The score was requested by Kent Nagano and premiered by him, with the Berkeley Symphony, thirty years ago come Sunday, April 28 1989, on a program that went on, after intermission, to Beethoven's Ninth Symphony. Kent had advised me of this, but assured me there'd be no lack of sufficient rehearsal, and on the whole the performance went well. The concert was given in Berkeley's First Congregational Church, the usual BSO venue in those days.
I remember two reviews: a little old lady came up to me during the intermission and asked "Did you write that music?" "Yes, I did," I answered. "You can do better," she said. "Perhaps I will," I replied.
But I don't think I did until 1996, when I broke a long dry spell with my Trio for Violin, Piano, and Percussion. Why the long dry spell? In part, reaction to another review the Symphony had received:
The San Francisco Chronicle review took issue with my program note (appended to the score online), in which I approved Kent's commitment to "the continued virility of contemporary music." JK took "virility" to mean "chest-thumping" and complained about a macho quality he heard in the performance. I suppose I could have used "fecundity" instead, but the image in my mind was of thee male contribution to generation; the vast repertory of "classical" music in general occupying the female, receptive half.
So it goes. Gender politics and political correctness have vitiated the expressive power of rhetoric — I hope not permanently.
I have been advised more than once never to criticize a performer's execution of my music: the performer in question will be hurt and possibly resentful, and any potential future performer will justifiably wonder if he or she will be similarly criticized for playing my music. At this point in my life I'm not thinking of future performances, so I'll mention a disagreement I had with the conductor, who did not follow my tempo instructions.
As I wrote in the program note,
the Symphony is “about” terror, calm and compulsion. Each of the three movements is in fact a motion within one of these states, and from one state to another. Their context — the area of action, if you like — is natural in the first movement, personal in the second, social in the third. The three movements participate in a formal structure. The tempo steadily increases. Key structural points are marked as special events. Each of the three large sections is composed of three smaller ones in turn. The score is not free from errors, but I'm through with tweaking it for the present.The tempo indications were crucial to my design, but the conductor suggested I had no idea the effect of the hall's acoustics would have on the performance. In my design the three movements ran a little over six, seven, and six minutes long (6:15, 7:30; 6:15); in the performance they ran eight, ten and a half, and six:thirteen (8:05, 10:36, 6:13). The result was to make the first movement lag and the second ponderous, even hectoring. I think this contributed to the Chronicle opinion.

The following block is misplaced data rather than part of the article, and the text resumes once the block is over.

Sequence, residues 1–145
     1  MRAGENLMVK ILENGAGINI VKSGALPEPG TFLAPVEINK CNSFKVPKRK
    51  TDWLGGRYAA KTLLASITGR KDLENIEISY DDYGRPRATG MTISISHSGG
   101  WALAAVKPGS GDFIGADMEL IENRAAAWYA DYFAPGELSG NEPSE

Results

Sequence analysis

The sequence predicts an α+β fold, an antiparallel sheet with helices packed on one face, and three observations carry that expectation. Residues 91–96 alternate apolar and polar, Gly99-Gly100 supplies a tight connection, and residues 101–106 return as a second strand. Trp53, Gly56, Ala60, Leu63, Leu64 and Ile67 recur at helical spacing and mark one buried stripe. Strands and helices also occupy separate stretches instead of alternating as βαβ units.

I gave the score to another conductor after the performance — although he lived in the area, and was a composer himself, I don't think he had heard the premiere. He kept it for a few weeks, but when I asked him what he thought, he asked, rather wistfully, why my music was always so difficult. (I could have asked, but didn't, why his, and that of other composers who wrote in similar styles, was always so simple.)
He may have been referring specifically to the passage beginning at m. 65 in the first movement, where high woodwinds are asked to play fast, rhythmically complex material. (See photo above.) The effect I have in mind is of demented birds. I think I encouraged the musicians involved to fake the passage if necessary; perfect accuracy is less important than the general effect.
Or, who knows, he may have been referring to something else. I suppose I should have asked.
You can hear the music, fairly correct in terms of tempo, here:
|First movement||[6:30]||7.8 MB|
|Second movement||[7:45]||9.3 MB|
|Third movement||[6:13]||7.5 MB|